Memory Lane

Ten stars who made their mark at the 2010 soccer World Cup – 10 years later

Ten stars who made their mark at the 2010 soccer World Cup – 10 years later
From left, Luis Suarez of Uruguay, Siphiwe Tshabalala of South Africa, Asamoah Gyan of Ghana and Xavi Hernandez of Spain. (Photos: Clive Mason / Getty Images | Cameron Spencer / Getty Images | Cameron Spencer / Getty Images | Lars Baron / Getty Images)

Players such as Andres Iniesta, Luis Suarez and South Africa’s very own Siphiwe Tshabalala left an indelible mark on the memories of those who tuned in to watch Africa’s first Fifa World Cup.

The 2010 Fifa World Cup was the first to be hosted on African soil. And despite predictions that the tournament would be a failure, ruined by crime, South Africa hosted the world admirably.

There was, however, the disappointment of South Africa picking up the unwanted record of becoming the first host nation to be eliminated in the group stages of the tournament.

In spite of that setback, many of the stars on show left strong impressions in the minds of the watching millions. Some with scorching displays, others with poise and yet others with villainous acts that left a bitter taste. Here is Maverick Sport’s pick of the 10 brightest stars of the tournament:

Siphiwe Tshabalala   

Siphiwe Tshabalala of South Africa in action during the 2010 Fifa World Cup Group A match against France at the Free State Stadium. (Photo: Cameron Spencer / Getty Images)

It is 11 June 2010, a Friday evening. Tens of thousands have packed into Soccer City Stadium in Johannesburg. Millions around the world sit glued to their TV screens, watching the opening match of the Fifa World Cup between South Africa and Mexico.

It’s a pretty even game until the 55th minute when Kagiso Dikgacoi spots the run of Siphiwe Tshabalala down the left wing and proceeds to lay on a delicious, defence-splitting pass. Shabba traps, looks up and proceeds to blast a rocket of a shot past a hapless Guillermo Ochoa in the Mexican goal. In the process he writes himself into football folklore – the first African to score a World Cup goal on African soil.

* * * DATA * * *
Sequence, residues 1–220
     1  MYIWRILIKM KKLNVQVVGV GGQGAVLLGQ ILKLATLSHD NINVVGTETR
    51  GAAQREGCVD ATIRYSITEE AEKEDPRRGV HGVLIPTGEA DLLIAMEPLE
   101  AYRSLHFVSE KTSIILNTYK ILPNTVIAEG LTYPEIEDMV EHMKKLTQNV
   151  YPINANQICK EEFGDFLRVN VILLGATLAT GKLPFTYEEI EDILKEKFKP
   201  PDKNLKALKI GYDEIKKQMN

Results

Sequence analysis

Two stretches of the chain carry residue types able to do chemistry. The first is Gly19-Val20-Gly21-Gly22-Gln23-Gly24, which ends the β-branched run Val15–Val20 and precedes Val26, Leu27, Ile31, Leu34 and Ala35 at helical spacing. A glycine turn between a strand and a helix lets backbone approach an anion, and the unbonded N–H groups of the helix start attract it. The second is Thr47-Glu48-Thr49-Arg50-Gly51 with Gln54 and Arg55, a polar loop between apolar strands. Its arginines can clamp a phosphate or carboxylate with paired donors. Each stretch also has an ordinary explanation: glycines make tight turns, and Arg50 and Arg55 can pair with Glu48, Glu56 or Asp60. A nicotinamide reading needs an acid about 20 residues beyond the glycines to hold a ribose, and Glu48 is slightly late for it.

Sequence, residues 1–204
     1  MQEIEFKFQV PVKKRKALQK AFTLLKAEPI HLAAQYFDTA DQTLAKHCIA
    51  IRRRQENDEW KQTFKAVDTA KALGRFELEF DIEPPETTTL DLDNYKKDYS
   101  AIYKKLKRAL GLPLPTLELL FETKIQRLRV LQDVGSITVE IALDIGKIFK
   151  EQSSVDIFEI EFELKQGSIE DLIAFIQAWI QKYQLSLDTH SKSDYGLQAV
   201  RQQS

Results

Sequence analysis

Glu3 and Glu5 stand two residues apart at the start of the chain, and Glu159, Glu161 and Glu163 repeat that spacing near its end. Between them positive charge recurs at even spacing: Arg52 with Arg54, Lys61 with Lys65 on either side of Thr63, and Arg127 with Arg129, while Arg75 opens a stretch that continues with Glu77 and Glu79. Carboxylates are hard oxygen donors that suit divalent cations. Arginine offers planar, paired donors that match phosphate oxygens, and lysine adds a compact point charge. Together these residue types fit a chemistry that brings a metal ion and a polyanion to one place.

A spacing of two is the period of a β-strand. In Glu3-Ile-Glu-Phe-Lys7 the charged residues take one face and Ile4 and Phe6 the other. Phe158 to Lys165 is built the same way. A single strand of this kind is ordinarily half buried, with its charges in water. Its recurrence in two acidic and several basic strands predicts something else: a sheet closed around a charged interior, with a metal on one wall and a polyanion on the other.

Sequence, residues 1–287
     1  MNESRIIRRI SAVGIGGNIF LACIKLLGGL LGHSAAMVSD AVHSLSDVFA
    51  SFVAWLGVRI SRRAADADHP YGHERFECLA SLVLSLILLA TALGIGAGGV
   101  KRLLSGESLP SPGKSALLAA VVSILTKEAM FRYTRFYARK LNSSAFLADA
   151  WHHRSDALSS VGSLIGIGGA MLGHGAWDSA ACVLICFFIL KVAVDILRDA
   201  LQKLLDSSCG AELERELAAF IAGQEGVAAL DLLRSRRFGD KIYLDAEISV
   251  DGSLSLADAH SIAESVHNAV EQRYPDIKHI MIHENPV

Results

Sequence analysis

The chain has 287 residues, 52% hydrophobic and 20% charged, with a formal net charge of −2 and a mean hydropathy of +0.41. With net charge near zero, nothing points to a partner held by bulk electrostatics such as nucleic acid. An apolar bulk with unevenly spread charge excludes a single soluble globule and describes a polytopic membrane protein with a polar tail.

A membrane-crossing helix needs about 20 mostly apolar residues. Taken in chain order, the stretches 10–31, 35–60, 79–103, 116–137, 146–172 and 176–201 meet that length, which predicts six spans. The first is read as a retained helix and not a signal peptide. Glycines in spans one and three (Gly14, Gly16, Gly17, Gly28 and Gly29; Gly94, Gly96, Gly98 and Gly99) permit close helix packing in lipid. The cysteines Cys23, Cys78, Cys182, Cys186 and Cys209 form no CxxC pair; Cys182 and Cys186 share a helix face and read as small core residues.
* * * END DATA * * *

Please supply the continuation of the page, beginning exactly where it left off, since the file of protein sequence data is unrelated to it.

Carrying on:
“Goal for Bafana Bafana, goal for South Africa, goal for all Africa,” shouts legendary commentator Peter Drury.

The Kaizer Chiefs legend, who recently returned from a spell in Turkey with BB Erzurumspor, still looks back fondly at a goal that was nominated for the Fifa goal of the season award that year.

Diego Forlan

Diego Forlan of Uruguay reacts to a missed chance during the 2010 Fifa World Cup third place play-off match against Germany in Port Elizabeth. (Photo: Laurence Griffiths / Getty Images)

Despite playing a more subdued role and letting his strike partners, Luis Suarez and Edinson Cavani, lead the attack during the tournament, Diego Forlan still managed to be a talisman for Uruguay and a terror for his country’s opponents in their run to the semi-finals.

He finished as joint top scorer in the tournament with five goals, including a long-range strike against Bafana Bafana in the group stages and wonderful volley in the third-place playoff match versus Germany. This latter goal was voted goal of the tournament and Forlan was also awarded the Golden Ball as the tournament’s best player.

Now retired, the Villarreal and Atletico Madrid legend is manager of his boyhood club Peñarol back home.

Wesley Sneijder

Dennis Rommedahl and Wesley Sneijder in action during the 2010 Fifa World Cup match between the Netherlands and Denmark at the Soccer City Stadium in Johannesburg. Netherlands won the match 2-0. (Photo: Gallo Images / Foto24 / Ian Carbutt)

During the 2010 World Cup Sneijder was an integral part of the Dutch ship that sailed all the way to the final, before an agonising loss to Spain.